Wetlands Law Now!


Since January, the grasslands of the islands located on the banks of the Paraná River in Argentina have been burning furiously. What started as a typical agricultural practice has reached an uncontrollable point and the consequences are devastating. According to various reports, the first outbreaks multiplied rapidly and have already affected 350 square miles that were previously in perfect condition.

After several weeks, the fire continued to spread, generating great damage not only to the vegetation and wetlands of the area, but also to over 500 native animal species. Reptiles, such as iguanas and snakes, which take refuge in the tree trunks during the winter, have lost those shelters to survive this time of year. Weasels, ferrets and turtles that couldn’t escape the flames have burned to death. Native birds had to escape, leaving behind their nests and their offspring. Because of all this, specialists are calling these events a true ecocide.

The human population has also been affected, since the residual smoke covered dozens of cities in the provinces of Entre Rios, Santa Fe and Buenos Aires. The simple act of breathing has become difficult for the inhabitants of these areas, many of whom now need medical attention to treat respiratory diseases.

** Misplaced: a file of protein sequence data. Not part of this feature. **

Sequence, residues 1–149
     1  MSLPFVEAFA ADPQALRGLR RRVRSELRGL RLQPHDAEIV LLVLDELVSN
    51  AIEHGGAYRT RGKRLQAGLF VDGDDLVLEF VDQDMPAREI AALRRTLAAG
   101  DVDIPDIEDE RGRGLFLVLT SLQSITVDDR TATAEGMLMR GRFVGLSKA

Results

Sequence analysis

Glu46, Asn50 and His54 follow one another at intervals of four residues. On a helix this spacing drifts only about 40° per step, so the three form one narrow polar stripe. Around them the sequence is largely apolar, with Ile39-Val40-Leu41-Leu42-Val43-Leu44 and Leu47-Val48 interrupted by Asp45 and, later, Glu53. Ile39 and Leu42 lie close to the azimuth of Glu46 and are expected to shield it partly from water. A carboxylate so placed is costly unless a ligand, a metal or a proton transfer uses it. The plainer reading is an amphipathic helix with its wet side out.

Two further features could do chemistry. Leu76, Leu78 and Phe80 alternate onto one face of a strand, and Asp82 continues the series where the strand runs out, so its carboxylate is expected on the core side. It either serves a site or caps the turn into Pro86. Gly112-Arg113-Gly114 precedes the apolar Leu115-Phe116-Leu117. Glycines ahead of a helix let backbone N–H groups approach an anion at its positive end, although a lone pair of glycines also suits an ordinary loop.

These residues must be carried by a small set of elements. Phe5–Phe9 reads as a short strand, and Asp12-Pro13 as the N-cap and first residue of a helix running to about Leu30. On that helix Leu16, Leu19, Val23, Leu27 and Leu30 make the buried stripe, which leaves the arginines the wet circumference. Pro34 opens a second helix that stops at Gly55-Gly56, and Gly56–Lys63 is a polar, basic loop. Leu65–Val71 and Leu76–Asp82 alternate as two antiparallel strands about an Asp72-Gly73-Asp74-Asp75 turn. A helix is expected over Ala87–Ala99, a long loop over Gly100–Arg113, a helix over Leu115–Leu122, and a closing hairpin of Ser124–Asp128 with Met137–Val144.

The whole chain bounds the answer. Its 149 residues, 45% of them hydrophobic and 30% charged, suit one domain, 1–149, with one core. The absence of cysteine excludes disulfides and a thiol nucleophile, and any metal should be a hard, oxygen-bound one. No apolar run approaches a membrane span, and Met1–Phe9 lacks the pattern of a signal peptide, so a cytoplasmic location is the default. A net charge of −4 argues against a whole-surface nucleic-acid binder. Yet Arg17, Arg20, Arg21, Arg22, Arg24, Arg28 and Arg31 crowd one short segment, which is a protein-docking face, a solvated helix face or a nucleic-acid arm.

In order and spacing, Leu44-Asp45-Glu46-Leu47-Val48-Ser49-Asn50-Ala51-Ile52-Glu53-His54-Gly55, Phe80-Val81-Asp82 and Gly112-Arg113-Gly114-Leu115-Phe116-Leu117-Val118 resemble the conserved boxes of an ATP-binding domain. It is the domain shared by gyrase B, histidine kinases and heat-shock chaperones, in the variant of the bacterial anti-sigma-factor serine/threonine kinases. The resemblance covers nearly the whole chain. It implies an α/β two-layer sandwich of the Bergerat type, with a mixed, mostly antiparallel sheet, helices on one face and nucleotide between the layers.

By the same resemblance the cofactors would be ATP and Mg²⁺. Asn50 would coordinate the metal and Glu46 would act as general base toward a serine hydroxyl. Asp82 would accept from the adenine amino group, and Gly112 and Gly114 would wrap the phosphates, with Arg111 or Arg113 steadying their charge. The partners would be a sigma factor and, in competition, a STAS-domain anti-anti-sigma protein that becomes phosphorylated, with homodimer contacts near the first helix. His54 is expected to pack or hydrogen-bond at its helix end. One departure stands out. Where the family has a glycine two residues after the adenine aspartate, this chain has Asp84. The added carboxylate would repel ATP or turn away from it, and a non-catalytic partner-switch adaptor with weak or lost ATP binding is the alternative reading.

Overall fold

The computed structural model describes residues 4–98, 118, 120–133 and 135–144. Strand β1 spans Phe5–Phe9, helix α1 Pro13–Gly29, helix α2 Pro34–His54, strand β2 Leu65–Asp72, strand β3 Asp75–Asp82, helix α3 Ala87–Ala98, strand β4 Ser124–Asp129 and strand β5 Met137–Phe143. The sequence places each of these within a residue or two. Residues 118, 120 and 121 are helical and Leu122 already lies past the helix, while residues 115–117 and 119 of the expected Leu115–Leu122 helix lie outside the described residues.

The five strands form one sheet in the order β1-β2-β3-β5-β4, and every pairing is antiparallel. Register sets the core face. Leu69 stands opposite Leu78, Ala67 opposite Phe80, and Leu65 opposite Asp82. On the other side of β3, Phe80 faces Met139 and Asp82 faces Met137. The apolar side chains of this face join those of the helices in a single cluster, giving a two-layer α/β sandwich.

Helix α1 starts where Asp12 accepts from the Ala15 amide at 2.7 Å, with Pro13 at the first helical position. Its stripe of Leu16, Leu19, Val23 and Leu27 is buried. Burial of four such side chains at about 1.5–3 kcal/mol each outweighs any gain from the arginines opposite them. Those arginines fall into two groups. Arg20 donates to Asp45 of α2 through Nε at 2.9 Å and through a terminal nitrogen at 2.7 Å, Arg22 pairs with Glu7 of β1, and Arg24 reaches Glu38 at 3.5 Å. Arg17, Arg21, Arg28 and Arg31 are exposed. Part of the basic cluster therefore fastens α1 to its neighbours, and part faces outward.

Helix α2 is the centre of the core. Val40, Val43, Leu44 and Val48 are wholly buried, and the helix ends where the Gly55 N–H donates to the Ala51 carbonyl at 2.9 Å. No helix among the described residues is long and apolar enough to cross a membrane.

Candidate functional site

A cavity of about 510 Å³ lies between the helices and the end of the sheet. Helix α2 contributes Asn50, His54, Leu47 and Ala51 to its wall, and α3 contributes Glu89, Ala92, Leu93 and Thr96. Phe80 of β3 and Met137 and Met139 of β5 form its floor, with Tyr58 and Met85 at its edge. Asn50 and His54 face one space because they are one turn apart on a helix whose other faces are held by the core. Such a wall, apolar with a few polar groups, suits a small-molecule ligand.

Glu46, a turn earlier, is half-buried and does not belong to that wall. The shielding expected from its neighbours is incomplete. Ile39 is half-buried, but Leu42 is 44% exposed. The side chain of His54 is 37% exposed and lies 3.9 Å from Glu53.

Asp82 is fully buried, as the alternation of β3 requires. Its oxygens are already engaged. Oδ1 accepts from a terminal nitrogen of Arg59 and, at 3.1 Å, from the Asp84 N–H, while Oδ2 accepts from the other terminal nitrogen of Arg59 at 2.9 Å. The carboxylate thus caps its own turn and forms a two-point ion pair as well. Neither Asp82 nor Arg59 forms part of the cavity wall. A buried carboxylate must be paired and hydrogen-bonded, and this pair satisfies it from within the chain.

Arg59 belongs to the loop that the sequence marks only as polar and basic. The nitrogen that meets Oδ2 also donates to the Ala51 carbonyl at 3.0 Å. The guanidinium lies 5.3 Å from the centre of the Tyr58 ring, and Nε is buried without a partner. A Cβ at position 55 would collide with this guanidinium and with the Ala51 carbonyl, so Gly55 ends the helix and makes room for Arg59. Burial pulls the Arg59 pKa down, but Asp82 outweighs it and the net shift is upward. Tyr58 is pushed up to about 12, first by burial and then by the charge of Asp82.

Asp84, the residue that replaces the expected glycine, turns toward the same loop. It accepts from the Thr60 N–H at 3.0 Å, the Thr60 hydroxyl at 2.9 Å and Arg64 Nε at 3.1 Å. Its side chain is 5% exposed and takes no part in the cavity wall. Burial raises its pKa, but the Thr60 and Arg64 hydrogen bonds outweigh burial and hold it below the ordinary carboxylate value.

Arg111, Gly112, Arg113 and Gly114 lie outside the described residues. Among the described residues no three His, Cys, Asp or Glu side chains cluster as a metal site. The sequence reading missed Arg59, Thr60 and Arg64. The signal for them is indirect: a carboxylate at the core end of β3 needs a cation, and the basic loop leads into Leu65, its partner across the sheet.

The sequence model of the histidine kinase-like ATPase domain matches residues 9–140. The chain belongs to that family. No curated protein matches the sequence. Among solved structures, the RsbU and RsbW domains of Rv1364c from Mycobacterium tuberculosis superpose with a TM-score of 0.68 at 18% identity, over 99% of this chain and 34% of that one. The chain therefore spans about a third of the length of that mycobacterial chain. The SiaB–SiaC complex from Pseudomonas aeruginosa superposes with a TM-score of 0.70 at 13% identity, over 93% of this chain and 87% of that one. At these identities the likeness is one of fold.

New burned areas can be seen every day, where the fire is fierce and difficult to control or extinguish. The progress of this disaster is assured unless it’s stopped and measures are taken so that this never happens again.


This question becomes more urgent with each passing day and the environment needs a solution as soon as possible.
In the midst of a great drought and with no rainfalls, firefighters who venture into the Delta islands are often overcome by the size of the flames and require more tools to accomplish their goal.
Meanwhile the population continues to see everything from their homes and demands both an end to this problem and the passing of a Wetlands Law to protect these areas throughout the country. With the support of all the provinces, by providing an inventory of the areas that would be protected under this legislation, preventive measures could already be taken and any activity that endangers ecological integrity could be banned.
To raise global awareness of this issue, we broke into WindowSwap, a website created during the lockdown with over a million visits a month.
The site shows different views from many beautiful places in the world, but when it gets to Rosario, peaceful images change into photos of flames and smoke that hundreds of families see from their windows. You can visit WindowSwap and find the video here.


You can share this information to make the subject visible and support the approval of the Wetlands Law in Argentina. Don’t forget to use the hashtag #LeyDeHumedalesYa (Wetlands Law Now)